Starting in dry weather was encouraging. Finishing in dry weather was pleasant. It was every second in between that was a problem. We knew what we were getting into with a day out in the Howgills, as we had all done our Bronze and Silver awards prior to this. However, what nobody had told us – and what was about to become incredibly clear – was the sudden step-up in difficulty. What we had assumed would be a day of walking became a day of equal parts navigation, rock-climbing and trying not to fall off a mountainside.
The minibuses set off at 8am and had us in the mountains for 10. It didn’t take long for the roads and villages to fade out into the mountains, rocks and trees, and it wasn’t long after that even the sights of the countryside were obscured by the thick fog and (courtesy of the 50-mph winds) horizontal rain. The views we did get during the few dry spells made the whole thing worthwhile: to stand at the top of a mountain, look down and think ‘wow I just did that’ is a great thing, and part of the reason people take part in the expeditions.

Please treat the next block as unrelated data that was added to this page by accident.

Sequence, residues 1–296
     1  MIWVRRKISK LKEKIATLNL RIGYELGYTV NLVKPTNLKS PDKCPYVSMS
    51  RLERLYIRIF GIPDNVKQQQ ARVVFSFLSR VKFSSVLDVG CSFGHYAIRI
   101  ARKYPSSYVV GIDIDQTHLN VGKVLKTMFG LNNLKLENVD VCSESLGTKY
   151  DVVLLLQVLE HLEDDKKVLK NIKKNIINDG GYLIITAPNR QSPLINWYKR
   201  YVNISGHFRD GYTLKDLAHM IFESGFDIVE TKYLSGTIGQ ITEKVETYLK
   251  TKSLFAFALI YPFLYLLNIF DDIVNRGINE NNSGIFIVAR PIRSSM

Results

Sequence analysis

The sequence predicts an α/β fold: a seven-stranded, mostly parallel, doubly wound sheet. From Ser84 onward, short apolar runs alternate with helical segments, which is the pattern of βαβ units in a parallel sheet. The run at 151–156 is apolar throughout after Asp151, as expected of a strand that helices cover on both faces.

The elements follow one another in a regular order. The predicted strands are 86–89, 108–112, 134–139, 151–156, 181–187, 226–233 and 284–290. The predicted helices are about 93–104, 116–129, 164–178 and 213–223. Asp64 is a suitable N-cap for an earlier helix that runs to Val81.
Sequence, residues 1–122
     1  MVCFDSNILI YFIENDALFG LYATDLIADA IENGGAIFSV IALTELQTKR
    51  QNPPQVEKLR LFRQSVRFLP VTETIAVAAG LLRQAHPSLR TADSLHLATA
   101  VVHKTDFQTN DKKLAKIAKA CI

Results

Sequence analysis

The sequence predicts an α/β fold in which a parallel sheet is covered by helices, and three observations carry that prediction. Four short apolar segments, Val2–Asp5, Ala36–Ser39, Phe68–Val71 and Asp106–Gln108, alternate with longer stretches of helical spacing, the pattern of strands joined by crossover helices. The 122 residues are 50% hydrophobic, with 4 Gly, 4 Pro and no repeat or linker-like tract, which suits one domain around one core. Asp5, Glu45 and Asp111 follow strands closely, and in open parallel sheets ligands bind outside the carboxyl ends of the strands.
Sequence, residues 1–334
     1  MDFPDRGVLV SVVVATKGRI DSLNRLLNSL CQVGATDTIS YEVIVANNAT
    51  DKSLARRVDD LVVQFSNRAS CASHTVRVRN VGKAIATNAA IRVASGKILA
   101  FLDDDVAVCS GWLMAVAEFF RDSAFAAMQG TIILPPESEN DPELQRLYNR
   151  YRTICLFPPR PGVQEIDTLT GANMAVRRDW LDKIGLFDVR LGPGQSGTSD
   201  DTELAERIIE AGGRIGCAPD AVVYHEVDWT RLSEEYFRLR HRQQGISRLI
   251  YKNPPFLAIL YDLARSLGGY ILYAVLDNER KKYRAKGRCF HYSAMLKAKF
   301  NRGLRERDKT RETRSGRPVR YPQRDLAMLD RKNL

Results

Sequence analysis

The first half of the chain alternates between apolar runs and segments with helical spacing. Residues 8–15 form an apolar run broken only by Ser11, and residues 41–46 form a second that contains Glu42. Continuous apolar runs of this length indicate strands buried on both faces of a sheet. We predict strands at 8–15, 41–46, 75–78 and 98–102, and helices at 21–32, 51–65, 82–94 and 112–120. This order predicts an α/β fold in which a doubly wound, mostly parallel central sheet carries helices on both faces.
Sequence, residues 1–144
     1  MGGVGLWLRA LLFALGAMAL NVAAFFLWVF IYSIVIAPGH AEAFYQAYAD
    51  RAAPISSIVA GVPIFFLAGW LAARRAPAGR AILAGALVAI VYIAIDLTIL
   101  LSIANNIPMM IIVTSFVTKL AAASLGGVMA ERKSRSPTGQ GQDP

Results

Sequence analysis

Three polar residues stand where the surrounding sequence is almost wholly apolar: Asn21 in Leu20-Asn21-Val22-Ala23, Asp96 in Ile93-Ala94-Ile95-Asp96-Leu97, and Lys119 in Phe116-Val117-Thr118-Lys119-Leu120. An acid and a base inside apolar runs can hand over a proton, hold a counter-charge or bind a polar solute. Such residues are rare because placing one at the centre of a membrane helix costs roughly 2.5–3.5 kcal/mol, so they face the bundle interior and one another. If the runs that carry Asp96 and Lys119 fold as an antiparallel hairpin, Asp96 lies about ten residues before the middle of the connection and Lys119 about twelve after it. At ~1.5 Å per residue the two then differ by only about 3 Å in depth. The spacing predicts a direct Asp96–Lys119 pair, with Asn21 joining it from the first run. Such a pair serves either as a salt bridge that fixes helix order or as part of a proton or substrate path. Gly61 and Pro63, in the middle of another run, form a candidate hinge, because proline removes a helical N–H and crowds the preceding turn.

There were a few instances where we found ourselves walking too far through a field, or coming off a path too soon, but these were all issues that we solved with minimal fuss and had us all very hopeful about the final expedition in August (which we all hope will not take place under similar weather conditions). Map skills, route planning and forward-thinking have all become second nature after the various other expeditions we have completed, and the day (although challenging) did not present anything we could not do.
The three groups each completed their assigned route in good time, and we were setting off home by 3pm, pleased, exhausted and just a little bit damp.